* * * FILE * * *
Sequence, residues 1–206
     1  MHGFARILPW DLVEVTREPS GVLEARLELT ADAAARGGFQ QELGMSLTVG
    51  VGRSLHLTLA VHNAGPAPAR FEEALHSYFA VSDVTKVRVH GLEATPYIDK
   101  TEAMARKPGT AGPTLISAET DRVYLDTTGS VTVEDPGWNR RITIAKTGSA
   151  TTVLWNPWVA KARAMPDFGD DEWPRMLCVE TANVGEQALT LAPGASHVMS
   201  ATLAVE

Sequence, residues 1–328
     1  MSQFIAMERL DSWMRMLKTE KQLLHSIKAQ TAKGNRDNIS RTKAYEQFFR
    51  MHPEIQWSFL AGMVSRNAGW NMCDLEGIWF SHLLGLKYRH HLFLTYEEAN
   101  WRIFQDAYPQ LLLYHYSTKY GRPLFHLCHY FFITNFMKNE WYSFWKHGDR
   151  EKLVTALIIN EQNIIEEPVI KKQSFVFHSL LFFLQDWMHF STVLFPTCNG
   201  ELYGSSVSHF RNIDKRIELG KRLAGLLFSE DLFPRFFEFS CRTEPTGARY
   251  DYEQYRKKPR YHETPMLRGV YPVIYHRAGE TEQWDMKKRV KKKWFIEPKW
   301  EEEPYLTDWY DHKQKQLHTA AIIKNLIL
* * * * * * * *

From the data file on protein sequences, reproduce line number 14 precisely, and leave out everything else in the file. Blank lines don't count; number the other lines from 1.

   301  EEEPYLTDWY DHKQKQLHTA AIIKNLIL